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Steve Dominy: Keeping local trails happy for four decades

Concieved in 1973, the Voyageur Trail Association maintains a continuous 300-kilometre section of trail from Spanish to Goulais River. Dominy is one of the volunteers that helps make that happen
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Steve Dominy has been hiking the Voyageur Trail system in Algoma for nearly 40 years. Photo supplied

Steve Dominy has been hitting the trails in and around Sault Ste. Marie for nearly 40 years. An avid hiker, his maiden voyage was the Tower Lake stretch on the Voyageur Trail back in 1983; he’s been hooked ever since. 

After moving to the Sault from Brockville, ON, Dominy landed work in forestry research.

“But the job I had was kind of a static job; analyzing data and that sort of thing,” he says. “I missed getting outside.”

After finding the Voyageur Trail Association, he joined as a member and started volunteering with the organization. “This was my chance to get out and enjoy nature and be with like-minded people.”

The Voyageur Trail was conceived in 1973. The initial vision was for the trail to run from South Baymouth (on Manitoulin Island) across the north shore, stretching north to Thunder Bay.

“That vision was very ambitious,” says Dominy, “particularly given we’re in the north and we don’t have the same population (as in Southern Ontario) to be able to maintain that kind of trail.”

Nevertheless, the volunteer-run organization manages to maintain a continuous 300-kilometre section from Spanish to Goulais, in addition to other areas north of the Sault. People use the trail year-round; even in the winter you can find snowshoers, back-country skiers and fat bikers. The trails are marked by rectangular blazes on the trees, white for the main trail, yellow for loop trails and blue for side trails. The VTA also produces a guide book that gives written descriptions of trails, including length, what to expect, and how to get to access points. 

Dominy started out as a hiker, but quickly got involved volunteering in other areas. “When I joined (in 1983), I think I was seen as fresh blood,” he chuckles. “The next thing I knew, I was the membership secretary. I’ve been the president of the local Saulteaux club, and I’ve been president of the VTA. Currently, my main roles are to update, produce and distribute the guidebook, look after the online store, and do trail maintenance; clipping branches, moving trees off the trail.”

With all the damage from last December's ice storm, it has been a busy winter.

“A lot of trees were bent over and broken, and had to be removed,” says Dominy. “We’ve been slowly working our way through, focusing on the areas that are heavily used.”

Dominy tries to make it out to the trails at least once a week; he also organizes work parties to get them up to par before the summer season.

“There’s a huge need for people who are willing to volunteer a couple of days to get out to a work party and help us maintain the trails,” he says. “There’s also a need for help behind-the-scenes; organizing events, helping with the guidebook, maintaining our social media presence.”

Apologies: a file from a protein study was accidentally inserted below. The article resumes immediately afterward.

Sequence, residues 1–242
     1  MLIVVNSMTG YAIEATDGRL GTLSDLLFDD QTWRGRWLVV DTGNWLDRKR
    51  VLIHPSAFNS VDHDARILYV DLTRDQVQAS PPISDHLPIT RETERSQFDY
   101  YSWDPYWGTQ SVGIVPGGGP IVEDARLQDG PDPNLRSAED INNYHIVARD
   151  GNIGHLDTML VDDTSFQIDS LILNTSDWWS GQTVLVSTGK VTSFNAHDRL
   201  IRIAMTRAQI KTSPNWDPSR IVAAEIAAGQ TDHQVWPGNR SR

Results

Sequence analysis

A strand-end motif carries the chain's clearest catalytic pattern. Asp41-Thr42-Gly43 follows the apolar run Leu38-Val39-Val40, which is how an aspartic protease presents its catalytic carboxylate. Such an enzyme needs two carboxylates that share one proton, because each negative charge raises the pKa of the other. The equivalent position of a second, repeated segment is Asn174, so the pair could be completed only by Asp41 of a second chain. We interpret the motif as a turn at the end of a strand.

The trails attract a wide swath of users; both members and non-members alike. And while the VTA membership tends to skew older, Dominy has seen more young people out using the trails. “Everyone is welcome to use the trail. But our biggest expense is our liability insurance coverage to protect the trail users, so getting a membership helps.”  

Dominy is passionate about keeping the trail going because he sees the value it offers the entire community.

“I believe it’s providing a free outlet for individuals to get out and enjoy nature. It’s close to the community; all you need is a good pair of walking shoes. You don’t have to have a lot of money or equipment,” he says. “It contributes in a big way to the health of the community; and more than physical health, there are mental health benefits to exploring nature like this.”

Dominy has great memories of backpacking and overnight backpacking, wading across rivers, seeing animal tracks and wildlife. He likes to mix up solo day hikes with longer group hikes.

“There’s the social side of it too; getting out there with people who share that common interest,” he says. “Many lifelong friends have developed through hiking.”

With the looming threat of climate change, Dominy believes that hiking renews one’s reverence toward the natural world. It offers a deeper understanding of what we have to lose.

“Breathing fresh air; appreciating nature — many of our members just like being outside. They’re not necessarily naturalists; not every hiker knows all their plants and birds. It’s not critical to know those things to enjoy that experience. You can just get out there, get some exercise and clear your head.”

To donate or become a member, visit Voyageur Trail Association and follow the Saulteaux Voyageur Trail Club on Facebook for updates. You can also save the date for their annual dinner, coming up on April 24.